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Real tales: From 'COO' (child of owner) to CEO

This third-generation CEO shares what it takes to run a family business.
By Kendrick Chua |


When Raul Joseph “Jojo” Concepcion was 7 years old, he was put to work at an air-conditioning parts unit of the family business. The “COO”— child of owner—sweated it out in a hot room for 60 days. It was an experience he didn’t forget even now that he’s the president of Concepcion Industries Inc.


“There are guys who do this for a living and if I don’t understand what they are doing, how will I motivate this organization?” Concepcion says of what the experience had taught him. Up to now, this hands-on CEO tries to find what motivates his people to work and to excel, so he can help them develop their full potential. 

Concepcion Industries Inc. was founded in 1962 by Concepcion’s grandfather, Jose Concepcion Sr. What started as a P20-million company has grown into a multi-billion conglomerate which makes air conditioners, refrigerators, and small electrical appliances. It is even looking to go public in the next two years.

While the firm is privately held, it is not run as a family business. “You can’t run an P8-billion company like a family business. You have to run it professionally,” says Concepcion, who has been with the company for more than 25 years. He is also the CEO of Concepcion-Carrier Air Conditioning Company. 

How is it managing a business that has been in the family for three generations? Concepcion says it’s a matter of sticking to the firm’s core competencies: attention to detail, passion, hard work, and persistence.

“It’s also about answering telephone calls and paying attention to the little details,” he says. Building on the legacy of his father, Raul, and his grandfather, Concepcion counts on key strategies to strengthen the business. Here are three of them:




Break it down.
Concepcion, a graduate of Business Administration from Simon Fraser University in Vancouver, Canada, says the firm continues to be a market leader because management has eschewed bureaucracy typical of a large corporation. “We continue to grow and the reasons we will continue to grow further is that we break down our business to smaller businesses that are autonomous. These small business units are very clear on their target market, accountable for the numbers they deliver, and in some ways, establish a healthy competition.”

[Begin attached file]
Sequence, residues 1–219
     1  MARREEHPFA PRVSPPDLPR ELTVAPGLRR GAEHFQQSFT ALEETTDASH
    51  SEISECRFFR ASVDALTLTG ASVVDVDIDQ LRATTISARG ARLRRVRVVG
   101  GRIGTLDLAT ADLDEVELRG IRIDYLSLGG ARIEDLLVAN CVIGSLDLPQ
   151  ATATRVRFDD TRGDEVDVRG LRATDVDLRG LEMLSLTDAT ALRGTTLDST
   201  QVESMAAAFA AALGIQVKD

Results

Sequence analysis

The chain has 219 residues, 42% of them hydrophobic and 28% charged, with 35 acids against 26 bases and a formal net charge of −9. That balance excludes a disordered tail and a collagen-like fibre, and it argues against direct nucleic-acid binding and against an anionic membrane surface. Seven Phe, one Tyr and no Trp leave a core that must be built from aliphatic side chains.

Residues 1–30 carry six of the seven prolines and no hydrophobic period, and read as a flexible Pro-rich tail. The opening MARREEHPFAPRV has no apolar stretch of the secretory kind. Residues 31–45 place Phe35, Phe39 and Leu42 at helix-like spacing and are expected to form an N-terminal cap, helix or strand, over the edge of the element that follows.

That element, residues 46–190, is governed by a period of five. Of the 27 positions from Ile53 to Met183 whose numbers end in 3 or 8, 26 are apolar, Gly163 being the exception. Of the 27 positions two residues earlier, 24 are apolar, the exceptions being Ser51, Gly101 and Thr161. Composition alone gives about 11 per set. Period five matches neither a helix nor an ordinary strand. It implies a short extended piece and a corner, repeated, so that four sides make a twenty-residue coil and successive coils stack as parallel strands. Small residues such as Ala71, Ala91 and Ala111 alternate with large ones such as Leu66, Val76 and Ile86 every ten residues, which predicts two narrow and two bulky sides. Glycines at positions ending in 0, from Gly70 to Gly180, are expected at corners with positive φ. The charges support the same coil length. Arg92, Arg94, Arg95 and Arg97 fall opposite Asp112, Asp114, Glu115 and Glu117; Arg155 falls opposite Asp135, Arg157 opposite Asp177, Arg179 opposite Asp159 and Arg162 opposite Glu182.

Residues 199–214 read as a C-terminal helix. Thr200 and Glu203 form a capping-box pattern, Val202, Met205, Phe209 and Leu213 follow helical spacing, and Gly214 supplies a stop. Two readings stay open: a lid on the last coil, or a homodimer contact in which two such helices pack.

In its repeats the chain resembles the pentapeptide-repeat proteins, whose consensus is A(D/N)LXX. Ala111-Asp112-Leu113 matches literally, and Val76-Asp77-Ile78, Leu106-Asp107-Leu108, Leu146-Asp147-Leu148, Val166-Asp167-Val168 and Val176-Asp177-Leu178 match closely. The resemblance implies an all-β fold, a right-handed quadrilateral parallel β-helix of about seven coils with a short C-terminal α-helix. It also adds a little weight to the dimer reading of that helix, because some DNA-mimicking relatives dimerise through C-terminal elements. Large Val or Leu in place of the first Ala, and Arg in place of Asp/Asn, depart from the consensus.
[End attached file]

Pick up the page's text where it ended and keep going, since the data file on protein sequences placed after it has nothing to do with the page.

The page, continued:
Create different territories.
Concepcion is aware of the mistakes family businesses are prone to making. One is the tendency of the heirs to squabble over the business, often causing the demise of the company. But not Concepcion Industries. 

“You cannot just have one business for all,” says Concepcion. If a business is not within the core expertise of one family member, then they pass it to another. “Part of the peace within the family is that each one has his own territory to manage and therefore, conflict is kept to a minimum.”



Look after your partners.
Concepcion is proud that the company has helped a number of smaller businesses, specifically prospective business partners, over the years. “The challenge of the entrepreneur is how to grow his business,” he says, adding that oftentimes entrepreneurs set out to do more than what they are capable of doing. This is where Concepcion Industries would step in, helping them evaluate their financial capability and understand investment risk. “They show us their business plans, we review the plans and guide them,” he says. The result: “They remain exclusive partners to us.”


Photo by Miguel Nacianceno

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